This is a question we all ask when we’re kids: Why is the sky blue?
Many think that it’s reflecting the color of the ocean, but that’s a huge myth!
It’s not a short answer, but it is a simple one that’s easy to understand.
So let’s find out, once and for all, why the sky is blue!
What color of light does the sun put out?
The color that comes from the sun is a white light that is a mixture of all the colors of the rainbow.
When the sunlight gets to the atmosphere of Earth, it is scattered in every direction by the gases and particles in the air.
It was Isaac Newton who discovered that a prism could be used to separate the different colors and form a spectrum.
He further proved that it wasn’t the prism coloring the light by refracting the light back together.
Each shade of color consists of different wavelengths.
Red has the longest waves, and violet has the shortest waves. Short wavelengths are scattered more strongly than long waves.
Then why don’t we see a violet sky?
This is because of our eyes! We distinguish colors by using cones in our retinas, which are photo receptor cells.
Each retina contains 5 million cones of 3 different types which specialize in different colors.
Even though violet is the shortest, it is absorbed by the atmosphere making there less violet in the light.
On top of that, our eyes are less sensitive to violet because of our color receptors.
That leaves us to see a blue sky, since blue is the second shortest wavelength!
So on a clear day with no clouds, we will see a blue sky because the molecules in the air scatter blue light more so.
Red light during the day doesn’t quite scatter in the daytime.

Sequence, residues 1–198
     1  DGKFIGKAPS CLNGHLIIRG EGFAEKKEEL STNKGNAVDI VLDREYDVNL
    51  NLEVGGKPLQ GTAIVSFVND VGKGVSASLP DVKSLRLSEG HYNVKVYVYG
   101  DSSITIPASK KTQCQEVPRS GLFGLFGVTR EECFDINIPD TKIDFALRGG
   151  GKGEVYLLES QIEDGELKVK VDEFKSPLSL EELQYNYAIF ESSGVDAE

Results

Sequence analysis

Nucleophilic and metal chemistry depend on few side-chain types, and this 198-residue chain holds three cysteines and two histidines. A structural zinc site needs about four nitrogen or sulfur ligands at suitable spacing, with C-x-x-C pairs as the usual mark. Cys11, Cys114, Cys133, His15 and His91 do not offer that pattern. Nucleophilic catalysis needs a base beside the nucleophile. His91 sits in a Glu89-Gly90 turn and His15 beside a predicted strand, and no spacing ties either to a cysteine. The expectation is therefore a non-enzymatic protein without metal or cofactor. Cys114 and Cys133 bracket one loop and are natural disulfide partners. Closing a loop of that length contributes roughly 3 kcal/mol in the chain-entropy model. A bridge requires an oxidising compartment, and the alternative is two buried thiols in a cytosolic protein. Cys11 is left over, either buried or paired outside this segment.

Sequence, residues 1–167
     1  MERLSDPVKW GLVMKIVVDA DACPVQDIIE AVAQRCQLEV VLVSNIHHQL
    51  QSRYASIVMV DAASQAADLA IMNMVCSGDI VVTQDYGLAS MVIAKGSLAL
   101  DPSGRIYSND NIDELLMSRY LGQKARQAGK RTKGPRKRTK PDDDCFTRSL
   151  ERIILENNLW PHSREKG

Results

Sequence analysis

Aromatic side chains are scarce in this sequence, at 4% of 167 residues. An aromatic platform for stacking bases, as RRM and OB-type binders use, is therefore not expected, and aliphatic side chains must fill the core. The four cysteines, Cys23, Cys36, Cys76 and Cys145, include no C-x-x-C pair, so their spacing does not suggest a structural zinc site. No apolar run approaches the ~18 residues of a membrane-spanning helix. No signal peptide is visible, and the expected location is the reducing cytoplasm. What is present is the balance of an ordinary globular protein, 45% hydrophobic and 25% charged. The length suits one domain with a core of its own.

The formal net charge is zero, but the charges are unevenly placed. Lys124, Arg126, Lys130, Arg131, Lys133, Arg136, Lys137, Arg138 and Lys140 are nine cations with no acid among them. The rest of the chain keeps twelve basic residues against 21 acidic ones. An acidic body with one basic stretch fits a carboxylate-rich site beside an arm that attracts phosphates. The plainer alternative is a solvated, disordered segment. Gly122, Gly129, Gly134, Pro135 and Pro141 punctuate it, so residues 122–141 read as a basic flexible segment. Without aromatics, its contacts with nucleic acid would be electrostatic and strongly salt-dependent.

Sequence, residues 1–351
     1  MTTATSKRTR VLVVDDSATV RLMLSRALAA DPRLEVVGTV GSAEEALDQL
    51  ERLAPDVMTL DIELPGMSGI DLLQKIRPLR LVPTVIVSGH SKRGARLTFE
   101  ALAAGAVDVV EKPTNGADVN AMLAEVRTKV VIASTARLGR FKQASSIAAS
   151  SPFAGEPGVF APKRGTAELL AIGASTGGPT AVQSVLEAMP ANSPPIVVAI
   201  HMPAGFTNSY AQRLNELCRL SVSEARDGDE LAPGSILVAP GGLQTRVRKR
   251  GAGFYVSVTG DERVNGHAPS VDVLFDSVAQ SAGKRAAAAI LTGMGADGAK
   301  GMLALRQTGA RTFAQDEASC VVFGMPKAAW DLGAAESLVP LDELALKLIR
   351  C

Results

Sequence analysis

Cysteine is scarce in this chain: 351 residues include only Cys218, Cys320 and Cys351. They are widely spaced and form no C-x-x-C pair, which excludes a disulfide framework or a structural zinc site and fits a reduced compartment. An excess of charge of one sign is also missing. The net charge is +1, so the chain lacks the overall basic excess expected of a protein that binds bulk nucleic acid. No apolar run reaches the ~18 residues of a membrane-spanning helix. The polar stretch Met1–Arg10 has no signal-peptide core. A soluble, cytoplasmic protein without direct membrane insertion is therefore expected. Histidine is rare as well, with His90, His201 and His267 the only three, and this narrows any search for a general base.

Why are sunset’s different colors?
When the sun goes down, all of this changes. Sunsets are typically vibrant colors of reds, oranges, pinks, and purples.
When the sun is going down, the blue light is scattering where the sun is moving, and it’s blue out of our line of sight.
If the air is clear, the sunset will look yellow since the sunlight has passed a long distance through the air.
If you’re in a more polluted area, the sunset will be redder since the light is passing through a thicker layer of atmosphere.
This results in the blue and green light being scattered along the way, while the red wavelengths pass through.
Meanwhile, sunsets over the ocean may be orange due to the salt particles in the air.
Obviously, you should never stare directly at the sun else you’ll likely go blind. But if you did, you would see all of the wavelengths because light would be directly reaching your eyes.
Looking away from the sun makes it seem white in our peripherals because again, we see light from shorter wavelengths.
So there’s your science lesson for the day! It’s a simple question asked by many, but the answer is really only known by a few.
Now the next time this question comes up, perhaps asked by a child or surfacing as a question at your local pub quiz, you’ll be prepared with a knowledgeable answer!